Below is the text of the speech made by David Davis, the Conservative MP for Haltemprice and Howden, in the House of Commons on 19 May 2020.
In the light of the impact that coronavirus is having across all sectors of the economy, the Government have rightly committed, in the motion, to postponing the planned reforms to IR35, but only until next April. The effects of the pandemic are going to be felt for considerably longer than one year. On this basis, in April next year self-employed contractors will be hit with unnecessary costs, confusion and uncertainty, just as many of them are getting back on their feet after the coronavirus has wreaked havoc across the economy. It is the self-employed and small businesses that make up the beating heart of our economy, and they will power the recovery of our economy out of this crisis.
The IR35 rules, as the Minister said, have long applied to the public sector. This is about applying them across the private sector. In that light, they were studied by the House of Lords Economic Affairs Committee in a report referred to by the shadow Financial Secretary to the Treasury. The report stated that the rules
“have never worked satisfactorily, throughout the whole of their 20-year history. We therefore conclude that this framework is flawed.”
The report found a system riddled with unfairness and unintended consequences and called for a wide-scale independent review—not just a few research reports, Financial Secretary—focused on how the reforms would affect the wider labour market and the costs that would be forced on businesses. The Lords Committee said that IR35 had the effect of reducing contractors to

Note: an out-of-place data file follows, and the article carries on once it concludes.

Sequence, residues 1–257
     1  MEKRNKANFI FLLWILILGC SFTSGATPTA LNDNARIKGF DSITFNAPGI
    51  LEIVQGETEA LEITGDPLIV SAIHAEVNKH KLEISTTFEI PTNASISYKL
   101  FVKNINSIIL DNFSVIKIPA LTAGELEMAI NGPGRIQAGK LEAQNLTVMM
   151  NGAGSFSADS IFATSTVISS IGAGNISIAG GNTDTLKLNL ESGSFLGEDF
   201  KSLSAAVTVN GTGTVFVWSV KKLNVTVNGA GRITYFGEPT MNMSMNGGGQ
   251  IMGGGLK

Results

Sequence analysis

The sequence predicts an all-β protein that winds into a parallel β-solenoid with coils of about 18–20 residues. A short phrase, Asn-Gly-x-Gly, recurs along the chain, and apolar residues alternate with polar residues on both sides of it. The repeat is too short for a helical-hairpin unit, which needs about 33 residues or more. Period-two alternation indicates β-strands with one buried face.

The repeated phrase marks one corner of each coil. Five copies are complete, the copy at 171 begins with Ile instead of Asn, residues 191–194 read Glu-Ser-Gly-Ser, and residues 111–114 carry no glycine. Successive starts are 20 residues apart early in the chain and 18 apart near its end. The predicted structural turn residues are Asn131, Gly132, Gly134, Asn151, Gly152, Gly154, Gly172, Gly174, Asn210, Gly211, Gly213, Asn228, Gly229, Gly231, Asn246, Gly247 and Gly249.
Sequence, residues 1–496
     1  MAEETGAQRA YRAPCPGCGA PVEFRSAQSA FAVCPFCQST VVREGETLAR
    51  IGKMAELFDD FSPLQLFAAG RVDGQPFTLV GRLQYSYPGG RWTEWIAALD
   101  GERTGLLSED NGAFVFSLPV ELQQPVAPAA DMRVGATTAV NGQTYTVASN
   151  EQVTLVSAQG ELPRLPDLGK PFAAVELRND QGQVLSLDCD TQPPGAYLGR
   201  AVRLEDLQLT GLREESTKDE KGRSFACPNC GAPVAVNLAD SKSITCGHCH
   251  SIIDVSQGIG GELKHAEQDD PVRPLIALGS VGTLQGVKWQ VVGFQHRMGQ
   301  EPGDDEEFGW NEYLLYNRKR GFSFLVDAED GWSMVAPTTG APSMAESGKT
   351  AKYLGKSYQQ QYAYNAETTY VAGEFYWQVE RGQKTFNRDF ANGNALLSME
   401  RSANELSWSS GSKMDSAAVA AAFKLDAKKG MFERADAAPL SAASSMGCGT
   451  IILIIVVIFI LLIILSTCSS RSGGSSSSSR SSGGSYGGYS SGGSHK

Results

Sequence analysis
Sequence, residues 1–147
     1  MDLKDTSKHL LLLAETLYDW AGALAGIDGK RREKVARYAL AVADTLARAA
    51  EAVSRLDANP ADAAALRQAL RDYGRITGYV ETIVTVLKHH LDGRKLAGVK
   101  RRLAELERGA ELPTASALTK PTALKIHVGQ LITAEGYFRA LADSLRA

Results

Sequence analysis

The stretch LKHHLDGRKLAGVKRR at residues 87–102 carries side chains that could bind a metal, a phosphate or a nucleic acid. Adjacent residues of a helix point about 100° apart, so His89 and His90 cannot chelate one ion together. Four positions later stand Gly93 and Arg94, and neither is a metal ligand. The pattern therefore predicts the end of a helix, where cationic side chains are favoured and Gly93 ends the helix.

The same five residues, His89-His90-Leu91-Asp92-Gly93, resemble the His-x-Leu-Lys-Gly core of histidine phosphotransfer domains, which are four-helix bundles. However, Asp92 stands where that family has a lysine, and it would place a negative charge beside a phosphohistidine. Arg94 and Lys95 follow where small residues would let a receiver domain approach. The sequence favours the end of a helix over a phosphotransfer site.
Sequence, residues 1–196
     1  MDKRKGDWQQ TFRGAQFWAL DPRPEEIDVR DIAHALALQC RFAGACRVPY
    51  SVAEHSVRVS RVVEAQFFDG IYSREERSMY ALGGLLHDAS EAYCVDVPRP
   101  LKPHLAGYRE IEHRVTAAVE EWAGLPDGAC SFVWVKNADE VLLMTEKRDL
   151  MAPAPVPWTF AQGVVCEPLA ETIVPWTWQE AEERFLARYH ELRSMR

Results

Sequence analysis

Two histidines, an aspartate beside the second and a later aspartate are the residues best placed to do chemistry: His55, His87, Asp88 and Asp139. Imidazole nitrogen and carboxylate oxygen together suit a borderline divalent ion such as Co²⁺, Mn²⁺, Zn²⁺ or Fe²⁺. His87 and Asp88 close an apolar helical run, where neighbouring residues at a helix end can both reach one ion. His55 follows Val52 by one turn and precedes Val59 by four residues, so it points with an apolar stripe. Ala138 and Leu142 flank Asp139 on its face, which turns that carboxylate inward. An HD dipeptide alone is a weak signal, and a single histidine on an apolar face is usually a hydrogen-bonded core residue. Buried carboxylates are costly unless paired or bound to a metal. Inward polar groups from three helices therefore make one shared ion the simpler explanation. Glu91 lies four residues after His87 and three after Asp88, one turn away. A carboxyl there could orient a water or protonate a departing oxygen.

“an undesirable ‘halfway house’: they do not enjoy the rights that come with employment, yet they are considerably employees for tax purposes. In short, they are ‘zero-rights employees’”.
That is, zero-rights employees effectively created by the state.
The Lords recommended that the Government adopt the Taylor review proposals, which we as a Government promised to do years ago, as they offer the best long-term alternative solution to the off-payroll rules and provide an opportunity to consider tax, rights and risk together, as they should be. Despite what the Financial Secretary said, however, the Treasury has neither the time nor the capacity for a wholesale review right now. Therefore, the only sensible course of action is to pause these reforms and take the time to properly review the impact they will have on the self-employed. So, I will vote for this motion today, if we have the opportunity, but only in the expectation that will be back here in nine months’ time to do all this again.